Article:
I would be pissed if I had to give up 10 days of PTO for a “self-quarantine” just because I happened to be returning from Asia – not the affected provinces, or even China, but the continent in general. Especially in the US, where 15-20 days of PTO is typical!

    1. RG*

      Ah, I misread that – 5 days out of 10 is so ridiculous though! (And so is just 10 days even with unlimited sick time but that’s a different battle).

        1. JSPA*

          Actually, “up to 14 day incubation” makes 7 day quarantines pretty pointless / an exercise in managing hysteria, vs managing any actual virus.

          1. Dragoning*

            Yeah, I read that, and was like “What is this actually helping if sick people might still be coming in?”

            Also, how many people are actually travelling, to that region, so frequently that this is a common problem at this company? Not that it should be happening to even one person, but the way the letter was phrased, sounds like this is a major issue.

            Perhaps the company could consider some other method besides travelling for a while.

            1. Asst4tW*

              It seems ridiculous to extend this to the ENTIRETY of Asia. Do the realize how large of a continent that is? Plus, there are certainly countries they could be traveling to that have less coronavirus cases than we do in the U.S. China, I understand. Elsewhere?

              It seems like over-reactionary fear mongering that definitely should not be paid out by the employee.

              1. KinderTeacher*

                Indeed, especially since the US government’s travel ban restricting entry by foreign nationals only applies to anyone who has been to *China* within 14 days of their planned entry to the US, and citizens/their direct relatives are only being subjected to mandatory 14 day quarantine if they are coming from Hubei province specifically w/ redirection to specific airports for health screenings & requests to self-quarantine at home for 14 days if they are coming from anywhere else in China. A quarantine effort like this hasn’t happened since the ’60s with smallpox, so this constitutes taking something pretty seriously and only China is being included!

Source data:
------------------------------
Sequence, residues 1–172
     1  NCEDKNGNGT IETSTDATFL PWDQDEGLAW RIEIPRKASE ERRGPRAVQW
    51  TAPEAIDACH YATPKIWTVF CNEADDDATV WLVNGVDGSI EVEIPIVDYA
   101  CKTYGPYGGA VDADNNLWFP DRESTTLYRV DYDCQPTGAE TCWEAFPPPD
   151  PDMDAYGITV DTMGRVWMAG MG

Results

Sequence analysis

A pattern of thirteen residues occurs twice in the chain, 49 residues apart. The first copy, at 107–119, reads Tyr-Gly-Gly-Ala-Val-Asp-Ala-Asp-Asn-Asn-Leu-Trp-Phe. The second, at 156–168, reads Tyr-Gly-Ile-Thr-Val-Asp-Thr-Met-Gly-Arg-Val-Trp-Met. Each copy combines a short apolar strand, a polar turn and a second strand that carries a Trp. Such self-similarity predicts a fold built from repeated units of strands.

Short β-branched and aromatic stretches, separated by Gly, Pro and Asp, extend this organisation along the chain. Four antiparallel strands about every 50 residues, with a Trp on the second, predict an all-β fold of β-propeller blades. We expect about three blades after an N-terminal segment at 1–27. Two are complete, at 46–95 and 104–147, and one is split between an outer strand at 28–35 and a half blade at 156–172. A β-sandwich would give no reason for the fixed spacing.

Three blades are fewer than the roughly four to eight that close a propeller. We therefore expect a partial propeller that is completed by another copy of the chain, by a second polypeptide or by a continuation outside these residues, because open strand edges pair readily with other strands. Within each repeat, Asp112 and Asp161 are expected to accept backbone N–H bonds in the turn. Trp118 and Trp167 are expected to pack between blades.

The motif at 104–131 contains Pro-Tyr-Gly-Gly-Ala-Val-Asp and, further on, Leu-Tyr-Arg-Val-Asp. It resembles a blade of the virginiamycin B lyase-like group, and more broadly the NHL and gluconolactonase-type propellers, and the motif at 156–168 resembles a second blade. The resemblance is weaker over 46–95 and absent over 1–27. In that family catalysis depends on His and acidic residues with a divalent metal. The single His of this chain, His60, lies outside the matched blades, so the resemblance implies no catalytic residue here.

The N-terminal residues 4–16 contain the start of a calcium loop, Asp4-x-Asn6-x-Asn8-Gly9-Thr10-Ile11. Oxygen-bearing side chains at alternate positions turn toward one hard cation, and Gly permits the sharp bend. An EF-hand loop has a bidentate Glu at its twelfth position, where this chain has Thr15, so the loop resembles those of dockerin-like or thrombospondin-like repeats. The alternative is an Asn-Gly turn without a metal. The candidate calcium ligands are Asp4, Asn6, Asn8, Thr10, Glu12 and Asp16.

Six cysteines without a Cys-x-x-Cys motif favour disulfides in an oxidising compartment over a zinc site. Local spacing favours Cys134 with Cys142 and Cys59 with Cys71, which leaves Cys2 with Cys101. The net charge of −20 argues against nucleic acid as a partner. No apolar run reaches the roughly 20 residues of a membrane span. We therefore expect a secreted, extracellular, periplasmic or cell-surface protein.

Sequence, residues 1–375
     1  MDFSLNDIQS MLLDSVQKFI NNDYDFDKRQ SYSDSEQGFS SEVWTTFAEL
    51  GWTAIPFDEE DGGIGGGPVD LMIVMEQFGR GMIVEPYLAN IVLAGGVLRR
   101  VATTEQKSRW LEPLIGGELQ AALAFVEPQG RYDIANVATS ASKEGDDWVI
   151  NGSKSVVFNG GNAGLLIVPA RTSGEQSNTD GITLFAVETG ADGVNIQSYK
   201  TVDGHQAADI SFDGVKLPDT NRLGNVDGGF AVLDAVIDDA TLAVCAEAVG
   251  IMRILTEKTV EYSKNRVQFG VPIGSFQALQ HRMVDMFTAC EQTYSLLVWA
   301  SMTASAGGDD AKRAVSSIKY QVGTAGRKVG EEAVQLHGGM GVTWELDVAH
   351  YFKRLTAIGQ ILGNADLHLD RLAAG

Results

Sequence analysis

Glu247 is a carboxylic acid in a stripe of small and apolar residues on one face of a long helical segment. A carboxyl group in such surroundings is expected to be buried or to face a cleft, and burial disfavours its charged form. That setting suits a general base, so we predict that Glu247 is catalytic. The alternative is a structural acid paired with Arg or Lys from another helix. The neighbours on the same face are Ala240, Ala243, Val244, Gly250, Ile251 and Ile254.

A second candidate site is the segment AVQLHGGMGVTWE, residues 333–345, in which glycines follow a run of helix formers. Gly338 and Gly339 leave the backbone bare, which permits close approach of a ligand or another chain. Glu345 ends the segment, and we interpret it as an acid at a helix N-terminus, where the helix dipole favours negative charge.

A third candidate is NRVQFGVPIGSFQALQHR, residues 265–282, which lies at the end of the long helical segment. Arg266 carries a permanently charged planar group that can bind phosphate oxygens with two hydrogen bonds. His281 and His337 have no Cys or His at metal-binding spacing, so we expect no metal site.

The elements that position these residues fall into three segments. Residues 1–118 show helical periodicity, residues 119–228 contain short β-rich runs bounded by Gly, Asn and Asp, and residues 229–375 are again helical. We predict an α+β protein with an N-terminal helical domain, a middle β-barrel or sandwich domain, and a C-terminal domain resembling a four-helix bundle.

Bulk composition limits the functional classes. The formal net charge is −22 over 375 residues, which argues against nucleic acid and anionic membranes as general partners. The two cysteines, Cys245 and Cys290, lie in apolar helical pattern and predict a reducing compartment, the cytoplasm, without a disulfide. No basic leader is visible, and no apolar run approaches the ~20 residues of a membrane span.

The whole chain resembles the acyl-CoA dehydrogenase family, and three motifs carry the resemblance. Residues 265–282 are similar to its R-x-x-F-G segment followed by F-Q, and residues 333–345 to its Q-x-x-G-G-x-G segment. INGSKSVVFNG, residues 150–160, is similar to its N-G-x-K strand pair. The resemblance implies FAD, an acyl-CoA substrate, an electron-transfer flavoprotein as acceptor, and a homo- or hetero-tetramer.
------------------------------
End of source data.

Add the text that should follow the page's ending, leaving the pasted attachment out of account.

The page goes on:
2. Kuddel Daddeldu*

              My company does that. China is declared “essential travel only” both for travel into China as well as out of it (we have several hundred employees there).
              We do lots of video conferencing, postpone meetings etc. and also do self-quarantine / work from home for returning travelers that run a fever, sneeze or cough, or appear at risk for any reason. However, we have pretty much unlimited sick leave in most locations and where sick leave is limited, self quarantine does not count against sick leave or PTO.
              This is even if a family member recently returned from the affected provinces.

          2. Evan Þ.*

            It’s not optimal. But, the average incubation period is five days, so a seven-day quarantine is more likely than not to reveal if you’ve contracted the illness.

            On the other hand, a new report says people almost certainly can’t spread the coronavirus until they’re actually displaying some symptoms, so perhaps the seven-day quarantine could be replaced by regularly checking for cough or fever?

            1. Anonapots*

              It’s spread through the sneezing/coughing, but more importantly because we’re in the early stages of the outbreak, there isn’t great information on things like mortality. Right now the only people going to the doctor are REALLY sick, so until less sick people start going to their physicians and being diagnosed, the numbers seem really high for how bad it can be and it feels a lot more dangerous than it might be.

            2. Eukomos*

              Wasn’t there a confirmed case in Germany of at least two asymptomatic people infecting others?

              1. e271828*